TexasDude's avatar

Take care of the money, invest it wisely, and don’t feel guilty or anything like that. That’s probably what your grandmother had in mind for you anyway. There is a reason she left it to you. Accept it, and be at peace. Your stress will fade eventually.

CyanoticWasp's avatar

I’m not surprised at your reaction, especially if you were at all close to your grandmother.

When both of my parents died within six months of each other and the estate was settled soon afterward (they had been liquidating assets already by selling both of their homes and moving into a rental) I got a check in the mail that was expected… and I had a similar reaction. It was like, “this is really it; they’re both gone and this is all that’s left of them ‘in the world’.” It was a bittersweet day, for sure.

You have my condolences.

RealEyesRealizeRealLies's avatar

Share the love pal… Help a hooker out!

mrrich724's avatar

I received more money than most freshmen in college have in their banks when my mom died.

My mother was my best friend, and sometimes (even to this day) the only person I felt like I could count on unconditionally, and who loved me unconditionally.

When she died, I couldn’t give two shits about the money, but that didn’t change the fact that it was still there and available. At the end of the day, you got it because she wanted you to have it. Don’t feel guilty. (At least, I didn’t feel guilty at all, my mind was focused more on my loss than worrying about feeling guilty about money she wanted me to have)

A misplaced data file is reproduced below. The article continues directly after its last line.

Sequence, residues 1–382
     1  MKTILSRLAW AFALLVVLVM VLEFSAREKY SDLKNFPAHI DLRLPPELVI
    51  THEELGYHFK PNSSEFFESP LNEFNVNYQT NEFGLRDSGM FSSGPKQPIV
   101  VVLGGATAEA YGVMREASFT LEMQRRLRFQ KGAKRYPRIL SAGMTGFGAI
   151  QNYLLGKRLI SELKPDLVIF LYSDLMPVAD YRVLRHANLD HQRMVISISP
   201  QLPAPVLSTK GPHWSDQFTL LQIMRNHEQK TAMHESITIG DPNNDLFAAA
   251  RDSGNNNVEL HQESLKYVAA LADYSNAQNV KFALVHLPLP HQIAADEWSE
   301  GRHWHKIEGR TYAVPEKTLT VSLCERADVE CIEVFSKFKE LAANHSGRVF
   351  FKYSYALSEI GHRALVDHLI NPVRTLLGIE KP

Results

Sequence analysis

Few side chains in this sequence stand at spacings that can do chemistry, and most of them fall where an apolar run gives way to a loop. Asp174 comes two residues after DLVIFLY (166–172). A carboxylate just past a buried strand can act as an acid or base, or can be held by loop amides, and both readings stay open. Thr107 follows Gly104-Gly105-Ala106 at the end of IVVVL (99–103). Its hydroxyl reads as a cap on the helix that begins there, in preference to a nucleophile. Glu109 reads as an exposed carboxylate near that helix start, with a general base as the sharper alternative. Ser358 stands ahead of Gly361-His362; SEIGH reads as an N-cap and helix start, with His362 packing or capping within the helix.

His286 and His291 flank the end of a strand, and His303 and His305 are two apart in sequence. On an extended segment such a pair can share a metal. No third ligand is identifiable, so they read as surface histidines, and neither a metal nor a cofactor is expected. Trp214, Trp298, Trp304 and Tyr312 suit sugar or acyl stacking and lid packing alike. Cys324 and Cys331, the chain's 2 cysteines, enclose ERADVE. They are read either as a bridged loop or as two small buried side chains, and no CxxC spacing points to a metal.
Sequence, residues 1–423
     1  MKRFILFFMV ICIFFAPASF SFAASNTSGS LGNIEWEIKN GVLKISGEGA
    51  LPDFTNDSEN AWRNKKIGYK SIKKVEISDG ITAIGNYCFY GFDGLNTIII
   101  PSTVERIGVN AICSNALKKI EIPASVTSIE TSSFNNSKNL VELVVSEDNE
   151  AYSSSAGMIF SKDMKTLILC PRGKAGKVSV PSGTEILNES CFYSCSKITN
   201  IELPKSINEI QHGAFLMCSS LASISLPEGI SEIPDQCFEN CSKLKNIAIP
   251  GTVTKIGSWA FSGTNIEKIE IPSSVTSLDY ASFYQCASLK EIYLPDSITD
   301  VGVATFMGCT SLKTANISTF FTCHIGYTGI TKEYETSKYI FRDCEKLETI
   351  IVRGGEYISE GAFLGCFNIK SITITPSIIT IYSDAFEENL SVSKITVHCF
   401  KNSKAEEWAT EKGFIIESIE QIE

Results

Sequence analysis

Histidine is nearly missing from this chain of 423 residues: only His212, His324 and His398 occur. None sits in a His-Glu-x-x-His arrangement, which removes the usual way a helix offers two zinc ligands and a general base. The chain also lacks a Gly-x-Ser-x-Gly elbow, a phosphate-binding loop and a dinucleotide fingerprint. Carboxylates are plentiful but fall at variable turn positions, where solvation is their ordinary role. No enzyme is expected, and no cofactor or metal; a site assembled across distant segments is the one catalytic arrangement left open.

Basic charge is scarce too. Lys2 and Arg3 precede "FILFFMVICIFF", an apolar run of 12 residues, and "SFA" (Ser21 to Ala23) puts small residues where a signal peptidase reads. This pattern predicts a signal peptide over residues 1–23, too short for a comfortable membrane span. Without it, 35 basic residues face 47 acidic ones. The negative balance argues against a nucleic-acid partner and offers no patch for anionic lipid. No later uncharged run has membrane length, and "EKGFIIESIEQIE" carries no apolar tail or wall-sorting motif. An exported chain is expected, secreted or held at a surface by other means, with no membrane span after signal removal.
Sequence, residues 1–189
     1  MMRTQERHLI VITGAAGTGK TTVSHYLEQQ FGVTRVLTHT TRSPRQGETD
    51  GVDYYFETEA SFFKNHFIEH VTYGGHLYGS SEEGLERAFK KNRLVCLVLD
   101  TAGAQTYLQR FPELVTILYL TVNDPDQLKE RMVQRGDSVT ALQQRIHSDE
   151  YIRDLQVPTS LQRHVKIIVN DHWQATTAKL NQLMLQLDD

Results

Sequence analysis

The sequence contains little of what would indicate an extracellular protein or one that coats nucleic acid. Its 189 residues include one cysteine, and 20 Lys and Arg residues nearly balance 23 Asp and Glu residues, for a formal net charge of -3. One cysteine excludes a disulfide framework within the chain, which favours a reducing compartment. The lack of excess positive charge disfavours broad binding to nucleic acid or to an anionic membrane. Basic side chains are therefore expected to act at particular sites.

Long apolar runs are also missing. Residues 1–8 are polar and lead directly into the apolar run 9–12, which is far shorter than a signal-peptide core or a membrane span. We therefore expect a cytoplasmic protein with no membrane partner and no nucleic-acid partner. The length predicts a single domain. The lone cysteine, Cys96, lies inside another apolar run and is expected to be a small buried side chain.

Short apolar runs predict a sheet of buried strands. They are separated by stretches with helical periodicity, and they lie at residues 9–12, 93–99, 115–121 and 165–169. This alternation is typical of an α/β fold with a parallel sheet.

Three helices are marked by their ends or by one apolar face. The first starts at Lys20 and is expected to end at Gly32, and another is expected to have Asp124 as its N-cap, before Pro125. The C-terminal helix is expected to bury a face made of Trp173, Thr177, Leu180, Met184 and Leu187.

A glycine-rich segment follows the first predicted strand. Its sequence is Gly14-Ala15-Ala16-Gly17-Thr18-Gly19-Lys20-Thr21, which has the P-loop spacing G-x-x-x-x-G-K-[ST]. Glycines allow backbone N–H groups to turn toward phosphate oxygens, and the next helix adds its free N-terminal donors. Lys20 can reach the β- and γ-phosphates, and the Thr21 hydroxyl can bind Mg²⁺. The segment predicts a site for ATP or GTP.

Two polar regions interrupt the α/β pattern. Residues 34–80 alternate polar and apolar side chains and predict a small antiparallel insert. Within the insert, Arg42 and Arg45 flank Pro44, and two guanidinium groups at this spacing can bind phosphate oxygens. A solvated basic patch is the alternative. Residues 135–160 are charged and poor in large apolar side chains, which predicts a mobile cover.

Just because you received the money doesn’t mean you would have chosen that money over grandma.

Don’t do anything now, but hold off on doing something with the money until a little time has passed and you can clear your head. If it were me in your position, I’d probably have alot of debt from grad school. If the money were a few grand (5k – 20k) I’d probably spend it as I finished school for daily expenses. If it were more, I’d apply it to the debt grad school has most likely incurred.

The psych I had said this to me during one conversation about my mother,“Would you rather have had her, and experienced this death, or would you rather have never had her at all.” Basically, there is no way you could have avoided one day going through this loss. So don’t let it affect you more than it has to.

Sorry for your loss.

josie's avatar

Your grandmother wanted you to have it, since she could not use it. That was nice of her.
Why feel guilty? You did nothing wrong, or she would probably have given it to somebody else.
If you squander the money, knowing that grandma would disapprove, then I suppose you can feel guilty.

anartist's avatar

You may feel you didn’t “earn” it or deserve it, but nobody “earn’s a grandmother’s love. She just loves you. Don’t feel guilty that she loved you.
And for all you know, she may have given matching gifts to all her grandchildren.

Just think of her when you spend it, and spend it wisely.
This may be a great aid to you, because young people paying for graduate school often have mountains of debt to work off before they stabilize. Now you have a cushion.

iamthemob's avatar

I’ll tell you one thing that I’m pretty sure your grandmother would not want you to do with the money – feel guilty, sad or confused about it. She gave it to you because she wanted to make your life better, not worse.

As others have suggested, the best way to do that is to make it last as long as possible. Put it to work for you so it’s around when you want to pass something along to your grandkids. ;-)

Simone_De_Beauvoir's avatar

Count your blessings – it’s okay to feel ambivalent, though.

CaptainHarley's avatar

A huge stroke of luck can be as stressful as a tremendously bad stroke of luck, surprisingly.

As to the money, I strongly, STRONGLY recommend you buy gold and sock it away somewhere safe. I cannot overemphasize this.